N Eray, H Bahar, M Torun, S Celayir
childhood, cutaneous abscess, outpatient
N Eray, H Bahar, M Torun, S Celayir. Pediatric Surgical Approach To Childhood Abscess: A Study From An Outpatient Facility. The Internet Journal of Microbiology. 2005 Volume 2 Number 1.
Percutaneous abscess drainage is a frequent procedure in the pediatric surgery outpatient setting (1,2). As seen as a simple procedures, the treatment and follow-up protocols are not standardized and overlooked. Additionally the organisms responsible for abscesses can differ in each institution (3,4). The aim of the study is to document the patients with abscess who had been treated surgically in our pediatric surgery outpatient setting.
Material And Methods
Within 2.5 year period, we investigated the total admissions, patients with abscess, their register cards, age distribution, abscess localization, complications, bacterial growth in the abscess materials, anaerobic and aerobic bacteria and susceptibility of bacteria retrospectively.
Between January 1999-April 2001, total outpatient admission was 6127 patients. Among this admission patients with abscess consists of 58 (0.94%) patients. Mean age was 3.5 years (11days-15years). Age distribution: Neonate (n=6), 1 month-1 year (n=19) and >1 year (n=33). The frequent localization of abscess was perianal and the frequent growing microorganisms were
Local (n=56) and general (n=2) anesthesia were used for abscess drainage. Following incision and drainage empirical antibiotics were initiated and changed if necessary according to the bacterial growth (BG). Average dressing was 1.3 days and varied with size and location. No major complication was observed in the follow-up. BG demonstrated on bacterial cultur of 45 of 58 admission (77%). Specimens from abscesses were cultured for aerobic and anaerobic microorganisms. These bacterial groups were presented in Table 2.
The predominant microorganisms were
Specimens from superficial abscesses in our outpatients were cultured and antibiotic susceptibility was obtained.
Superficial abscesses are commonly seen in the pediatric surgery outpatient setting. Treatment consists of surgical drainage with the addition of antibiotics. Incision is generally performed using local anesthesia (Chlorethan, Ethylcloride). Care must be taken to make a surgically appropriate incision that allows adequate drainage without injuring important structures. Postoperative care includes drains, analgesia and close follow-up and complications of this procedure include damage to adjacent structures, bacteremic complications and spread of infection owing to inadequate drainage (5).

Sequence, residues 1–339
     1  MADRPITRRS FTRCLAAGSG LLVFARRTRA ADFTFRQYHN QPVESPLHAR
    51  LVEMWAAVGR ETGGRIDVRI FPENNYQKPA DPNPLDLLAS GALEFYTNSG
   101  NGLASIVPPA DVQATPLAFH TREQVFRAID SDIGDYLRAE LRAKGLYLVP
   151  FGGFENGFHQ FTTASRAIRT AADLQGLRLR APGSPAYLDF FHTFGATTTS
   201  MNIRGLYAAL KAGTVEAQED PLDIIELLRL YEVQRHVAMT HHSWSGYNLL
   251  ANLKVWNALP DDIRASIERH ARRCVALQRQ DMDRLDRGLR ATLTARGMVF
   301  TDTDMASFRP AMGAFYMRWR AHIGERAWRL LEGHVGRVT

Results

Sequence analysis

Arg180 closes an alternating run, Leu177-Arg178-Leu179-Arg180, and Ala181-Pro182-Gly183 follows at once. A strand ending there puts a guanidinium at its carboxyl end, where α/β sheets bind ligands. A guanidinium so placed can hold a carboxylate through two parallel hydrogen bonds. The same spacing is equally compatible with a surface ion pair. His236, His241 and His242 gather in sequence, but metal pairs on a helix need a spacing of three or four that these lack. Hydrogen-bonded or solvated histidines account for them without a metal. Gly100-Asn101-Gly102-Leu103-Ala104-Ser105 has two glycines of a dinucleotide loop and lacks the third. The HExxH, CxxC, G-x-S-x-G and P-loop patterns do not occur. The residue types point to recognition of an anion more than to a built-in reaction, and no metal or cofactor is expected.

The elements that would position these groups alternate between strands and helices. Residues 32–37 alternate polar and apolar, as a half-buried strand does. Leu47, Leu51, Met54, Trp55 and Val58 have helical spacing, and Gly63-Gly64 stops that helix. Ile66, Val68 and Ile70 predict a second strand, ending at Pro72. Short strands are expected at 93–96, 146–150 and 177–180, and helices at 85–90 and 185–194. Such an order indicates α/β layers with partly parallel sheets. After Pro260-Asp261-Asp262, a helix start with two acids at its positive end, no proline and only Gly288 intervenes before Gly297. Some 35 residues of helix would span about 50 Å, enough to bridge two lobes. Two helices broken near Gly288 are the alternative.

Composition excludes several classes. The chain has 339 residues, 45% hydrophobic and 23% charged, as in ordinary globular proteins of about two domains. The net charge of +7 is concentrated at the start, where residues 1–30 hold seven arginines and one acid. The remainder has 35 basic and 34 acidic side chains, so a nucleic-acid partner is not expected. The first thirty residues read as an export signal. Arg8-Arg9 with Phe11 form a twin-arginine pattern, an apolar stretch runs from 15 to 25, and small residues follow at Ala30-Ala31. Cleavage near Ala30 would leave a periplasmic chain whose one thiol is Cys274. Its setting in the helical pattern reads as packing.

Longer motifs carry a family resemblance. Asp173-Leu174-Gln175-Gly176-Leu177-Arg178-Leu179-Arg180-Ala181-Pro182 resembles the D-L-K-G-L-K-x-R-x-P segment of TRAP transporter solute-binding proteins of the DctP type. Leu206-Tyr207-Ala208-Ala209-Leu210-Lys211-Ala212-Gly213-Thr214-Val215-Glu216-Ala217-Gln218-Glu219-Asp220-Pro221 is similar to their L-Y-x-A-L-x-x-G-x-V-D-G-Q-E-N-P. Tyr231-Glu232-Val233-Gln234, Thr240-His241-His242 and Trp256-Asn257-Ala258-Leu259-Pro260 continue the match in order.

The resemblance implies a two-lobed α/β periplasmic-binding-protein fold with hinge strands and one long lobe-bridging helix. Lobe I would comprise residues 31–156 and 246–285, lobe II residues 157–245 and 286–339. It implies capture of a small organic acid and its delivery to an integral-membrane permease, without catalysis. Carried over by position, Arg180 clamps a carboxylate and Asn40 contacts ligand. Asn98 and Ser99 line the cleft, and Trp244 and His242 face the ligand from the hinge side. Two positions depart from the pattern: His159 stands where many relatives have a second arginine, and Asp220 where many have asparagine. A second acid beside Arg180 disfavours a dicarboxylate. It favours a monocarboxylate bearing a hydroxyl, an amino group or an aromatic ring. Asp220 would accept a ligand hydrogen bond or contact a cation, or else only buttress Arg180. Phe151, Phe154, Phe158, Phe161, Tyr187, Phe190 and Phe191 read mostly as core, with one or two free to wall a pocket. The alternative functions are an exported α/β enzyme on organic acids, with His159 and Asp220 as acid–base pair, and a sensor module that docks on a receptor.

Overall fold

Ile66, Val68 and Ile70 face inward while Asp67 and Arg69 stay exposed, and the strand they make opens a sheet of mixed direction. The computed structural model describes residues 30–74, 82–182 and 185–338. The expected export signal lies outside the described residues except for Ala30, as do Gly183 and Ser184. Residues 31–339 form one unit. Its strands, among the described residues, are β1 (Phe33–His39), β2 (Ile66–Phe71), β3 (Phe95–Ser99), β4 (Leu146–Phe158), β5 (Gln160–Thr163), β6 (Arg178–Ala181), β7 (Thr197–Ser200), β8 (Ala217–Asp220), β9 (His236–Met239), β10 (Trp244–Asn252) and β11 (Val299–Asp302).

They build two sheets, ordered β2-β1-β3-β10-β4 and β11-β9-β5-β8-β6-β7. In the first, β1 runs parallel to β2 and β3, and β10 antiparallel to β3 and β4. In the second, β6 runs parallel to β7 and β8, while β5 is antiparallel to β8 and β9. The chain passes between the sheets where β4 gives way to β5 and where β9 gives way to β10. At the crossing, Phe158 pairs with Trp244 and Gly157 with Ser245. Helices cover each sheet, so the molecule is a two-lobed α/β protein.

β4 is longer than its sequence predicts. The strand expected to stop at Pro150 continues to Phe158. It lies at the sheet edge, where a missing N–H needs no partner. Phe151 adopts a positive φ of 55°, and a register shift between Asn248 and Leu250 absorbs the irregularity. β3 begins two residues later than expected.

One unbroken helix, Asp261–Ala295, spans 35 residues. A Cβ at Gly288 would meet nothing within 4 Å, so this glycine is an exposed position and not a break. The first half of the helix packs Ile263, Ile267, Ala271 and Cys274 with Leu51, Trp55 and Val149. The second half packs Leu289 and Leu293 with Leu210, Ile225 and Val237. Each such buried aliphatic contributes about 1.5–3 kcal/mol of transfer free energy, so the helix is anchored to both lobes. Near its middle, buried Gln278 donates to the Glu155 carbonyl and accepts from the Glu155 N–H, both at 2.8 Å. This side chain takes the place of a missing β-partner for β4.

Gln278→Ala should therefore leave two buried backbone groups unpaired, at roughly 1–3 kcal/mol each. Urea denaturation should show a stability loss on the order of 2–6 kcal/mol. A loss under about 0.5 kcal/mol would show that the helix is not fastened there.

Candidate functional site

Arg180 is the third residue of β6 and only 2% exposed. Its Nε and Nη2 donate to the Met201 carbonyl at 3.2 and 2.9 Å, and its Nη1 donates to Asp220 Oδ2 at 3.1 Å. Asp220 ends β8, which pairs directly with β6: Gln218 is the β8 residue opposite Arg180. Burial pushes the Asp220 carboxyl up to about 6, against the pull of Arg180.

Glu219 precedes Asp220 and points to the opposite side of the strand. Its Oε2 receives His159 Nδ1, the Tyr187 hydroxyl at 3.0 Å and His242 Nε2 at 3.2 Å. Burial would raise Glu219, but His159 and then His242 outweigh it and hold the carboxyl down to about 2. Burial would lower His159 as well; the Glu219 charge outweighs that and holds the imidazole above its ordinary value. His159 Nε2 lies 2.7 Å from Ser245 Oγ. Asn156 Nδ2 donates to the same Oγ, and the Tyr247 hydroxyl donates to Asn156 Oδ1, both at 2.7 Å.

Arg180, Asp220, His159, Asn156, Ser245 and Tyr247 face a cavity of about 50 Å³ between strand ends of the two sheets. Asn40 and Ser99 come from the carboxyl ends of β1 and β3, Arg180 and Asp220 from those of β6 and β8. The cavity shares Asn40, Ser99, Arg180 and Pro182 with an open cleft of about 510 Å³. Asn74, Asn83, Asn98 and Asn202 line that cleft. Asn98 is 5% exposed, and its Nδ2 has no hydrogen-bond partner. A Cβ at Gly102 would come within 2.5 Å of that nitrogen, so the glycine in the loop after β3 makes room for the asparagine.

Controversy exists about the value of antibiotic therapy following incision and drainage of cutaneous abscess. In their clinical trial, Llera JL et al concluded that antibiotics didn't alter the outcome of cutaneous abscess (2). It has been adviced that routine culture and antibiotic therapy were not indicated for localized abscesses in patients with normal host defenses (4). In this two clinical trials, postoperative antibiotic treatment was not recommended because the problems healed without complication. On contrary some investigators advocate that parenteral antibiotic treatment diminished the rate of bacteremia, when used before draining cutaneous abscess. Blood and pus specimen for bacteriological cultures were obtained at the same time in this study (6). Incision and drainage of localized abscesses in afebril adults was unlikely to result in transient bacteremia. Larger studies were needed to determine whether routine antibiotic prophilaxis was necessary for afebril patients undergoing incision and drainage (7). In our pediatric surgery outpatient setting, after draining and sampling for bacteriological cultures, we have been using empirical antibiotics. We haven't been seen major complication and clinical improvement was achived immediately.
Anatomic locations of cutaneous abscesses are different and in a study, forty-one percent of all abscesses were in the anogenital region (1). In our study, most frequent location was also the perianal region (31%). Mixed aerobic and anaerobic bacteria and mixed aerobic bacteria were frequent. This growing patttern was different from other studies where aerobic BG gave highest and mixed BG lowest percentages (1,8). Anaerobic microorganisms was frequently obtained from mixed bacterial cultures (6). In our study, anaerobic bacterial growth showed lowest percentage.
As seen in Table 3 & 4, frequent aerobic microorganisms were
We think that the initial empirical antibiotic should be sefaperazone-sulbactam in perianal abscess (
Intravenous diazepam can be used in outpatient procedures (9). But, we preferred only using local anesthesia in our outpatients with cutaneous abscesses.
Our approach to childhood abscess: When patients with cutaneous abscess admit to our pediatric surgery outpatient setting, specimen for bacteriological cultures is obtained, and then surgical drainage is performed using local anesthesia; empirical antibiotics are used and changed if necessary according to BG. Postoperative care which includes drains, analgesia, effective dresssings is very important. We are using this standart treatment protocol with success and no major complication was observed.
The frequent localizations of abscesses were perianal, submandibular and axillar.
Local anesthesia is preferred for abscess incision and drainage.
No differences have observed between different age groups on localization and complication of abscesses. 4. At last stage, aerobic and anaerobic culture should be done to find out antibiotic susceptibility.
The authors thank to the outpatient nurse Emine Tüysüz for her kind support during the study.
The standart treatment protocol for cutaneous abscess in childhood should include:
obtaining specimen for bacteriological cultures
postoperative analgesia and
effective dresssings for a successfull treatment.